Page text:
This book develops and defends a conception of commitment and explores its limits. Gary Chartier shows how commitment serves to resolve conflicts between ordinary moral intuitions and the reality that the basic aspects of human well-being are incommensurable. He outlines a variety of overlapping and mutually reinforcing rationales for making commitments, explores the relationship between commitment and vocation and the relevance of commitment to love, and notes some reasons why it might make sense to disregard one’s commitments. The Logic of Commitment will appeal to ethicists interested in the connection between commitment and personal well-being, and to anyone who wonders why and when it might make sense to make or keep commitments.
"Gary Chartier's Logic of Commitment is the first book-length study of commitment to appear for twenty years. As such it is a welcome addition to the literature on this underexplored topic. And Chartier's angle is distinctive in a way that magnifies the value of his contribution. Best known for a rich body of work in natural law theory and left-libertarian political philosophy, he offers a sidelong perspective on something best discussed in recent years by philosophers of practical reason and moral psychologists . . . Philosophers from either theoretical background will be rewarded by committing to reading this short, engaging, and often stylishly written book." – Notre Dame Philosophical Reviews
"A brief but compelling study of the logic and morality of personal commitments, and their importance for a life well-lived. Gary Chartier's clear prose and wide reading make this an important contribution to ethical and meta-ethical theory." —Stephen R. L. Clark, University of Liverpool
"'Commitments matter,’ writes Gary Chartier in his new book: ‘they provide needed structure and direction for our lives … and the grounding we need to craft stable identities and secure our projects.’ In this careful, scholarly, and revealing study Chartier develops a conception of commitments that shows their deep analogy with promises, and makes important headway on some of the puzzles and problems that the notion of a commitment raises for our theory of motivation and practical reason. This book can be recommended to anyone who wants to see how a distinctively non-consequentialist philosophical ethics can be put together on the basis of a deep pluralism about the human goods." —Sophie-Grace Chappell, Open University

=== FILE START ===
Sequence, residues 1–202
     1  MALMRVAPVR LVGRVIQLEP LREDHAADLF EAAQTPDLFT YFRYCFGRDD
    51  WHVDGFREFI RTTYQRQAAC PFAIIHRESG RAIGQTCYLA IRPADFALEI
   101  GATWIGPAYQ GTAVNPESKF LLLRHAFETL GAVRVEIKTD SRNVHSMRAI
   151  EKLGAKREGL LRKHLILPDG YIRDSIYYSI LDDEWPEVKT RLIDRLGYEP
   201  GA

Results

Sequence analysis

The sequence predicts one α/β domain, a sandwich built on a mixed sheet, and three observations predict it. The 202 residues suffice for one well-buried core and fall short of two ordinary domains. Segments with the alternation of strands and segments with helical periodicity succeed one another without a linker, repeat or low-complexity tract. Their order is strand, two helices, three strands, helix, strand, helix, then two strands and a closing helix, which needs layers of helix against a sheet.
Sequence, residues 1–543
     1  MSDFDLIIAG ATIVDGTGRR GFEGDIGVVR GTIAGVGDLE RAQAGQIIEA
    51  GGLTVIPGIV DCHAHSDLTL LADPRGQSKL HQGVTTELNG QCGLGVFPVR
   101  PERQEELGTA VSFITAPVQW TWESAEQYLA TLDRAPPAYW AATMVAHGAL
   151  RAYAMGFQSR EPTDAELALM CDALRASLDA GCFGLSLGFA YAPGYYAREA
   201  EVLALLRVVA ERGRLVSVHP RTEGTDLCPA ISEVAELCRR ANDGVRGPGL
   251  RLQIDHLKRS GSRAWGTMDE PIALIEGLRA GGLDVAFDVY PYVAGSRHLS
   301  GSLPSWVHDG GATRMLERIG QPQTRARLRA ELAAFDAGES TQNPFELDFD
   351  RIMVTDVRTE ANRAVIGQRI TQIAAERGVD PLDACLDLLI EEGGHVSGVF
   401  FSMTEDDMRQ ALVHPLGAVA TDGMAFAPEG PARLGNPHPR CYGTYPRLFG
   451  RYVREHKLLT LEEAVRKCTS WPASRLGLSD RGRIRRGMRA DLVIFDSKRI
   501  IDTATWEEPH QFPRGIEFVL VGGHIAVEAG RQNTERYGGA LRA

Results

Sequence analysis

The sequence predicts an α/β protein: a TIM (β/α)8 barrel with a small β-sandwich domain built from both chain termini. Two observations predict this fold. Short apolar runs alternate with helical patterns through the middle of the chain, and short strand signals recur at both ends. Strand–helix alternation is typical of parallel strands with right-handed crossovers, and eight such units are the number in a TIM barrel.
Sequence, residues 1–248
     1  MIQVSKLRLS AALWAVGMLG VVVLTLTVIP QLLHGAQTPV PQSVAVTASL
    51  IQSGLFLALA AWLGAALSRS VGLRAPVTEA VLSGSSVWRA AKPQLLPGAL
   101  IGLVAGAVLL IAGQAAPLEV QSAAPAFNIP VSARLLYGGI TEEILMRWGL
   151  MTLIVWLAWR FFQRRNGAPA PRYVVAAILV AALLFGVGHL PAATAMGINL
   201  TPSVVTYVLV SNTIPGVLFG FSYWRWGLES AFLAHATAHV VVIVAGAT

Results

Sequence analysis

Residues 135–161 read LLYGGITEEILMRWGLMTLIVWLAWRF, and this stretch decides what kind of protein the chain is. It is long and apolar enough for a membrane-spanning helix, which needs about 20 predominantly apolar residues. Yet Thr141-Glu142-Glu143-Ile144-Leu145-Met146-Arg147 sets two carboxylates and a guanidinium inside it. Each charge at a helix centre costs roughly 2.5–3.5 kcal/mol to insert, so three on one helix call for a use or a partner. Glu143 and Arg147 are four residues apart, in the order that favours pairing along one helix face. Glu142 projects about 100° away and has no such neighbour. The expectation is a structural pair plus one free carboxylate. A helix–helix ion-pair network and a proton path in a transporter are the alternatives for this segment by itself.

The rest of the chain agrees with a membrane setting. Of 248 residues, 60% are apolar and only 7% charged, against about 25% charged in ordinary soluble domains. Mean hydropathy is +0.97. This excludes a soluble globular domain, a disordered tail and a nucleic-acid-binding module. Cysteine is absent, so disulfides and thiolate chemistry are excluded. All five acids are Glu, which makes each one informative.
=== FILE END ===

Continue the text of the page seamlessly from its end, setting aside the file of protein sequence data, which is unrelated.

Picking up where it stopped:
"In this engaging and original discussion of commitment, Gary Chartier distinguishes commitments from promises, and shows the role commitments play in love, in creating and sustaining an integrated self, in character development, and in well-being. A commitment is a firm resolve to do or be something that binds the agent’s future actions and attitudes; it may involve others, but it is an obligation to oneself, not to others. For example, one can make a commitment to keep a promise to someone. This generates self-regarding reasons, in addition to the obvious other-regarding ones, for keeping the promise. This concern for the self one creates and preserves through one’s commitments is very much in the spirit of a natural law or eudaimonistic ethics, and showing the value of making commitments serves to provide further support for this ethics." —Neera Badhwar, University of Oklahoma
Introduction: Exploring Commitment
1. Commitment and Instrumental Reason
2. Commitment, Identity, and Integrity
3. Commitment and Basic Goods
4. Commitment and Vocation
5. Commitment and Love
Conclusion: Commitment and Flourishing
Routledge Focus on Philosophy is an exciting and innovative new series, capturing and disseminating some of the best and most exciting new research in philosophy in short book form. Peer reviewed and at a maximum of fifty thousand words shorter than the typical research monograph, Routledge Focus on Philosophy titles are available in both ebook and print on demand format. Tackling big topics in a digestible format the series opens up important philosophical research for a wider audience, and as such is invaluable reading for the scholar, researcher and student seeking to keep their finger on the pulse of the discipline. The series also reflects the growing interdisciplinarity within philosophy and will be of interest to those in related disciplines across the humanities and social sciences.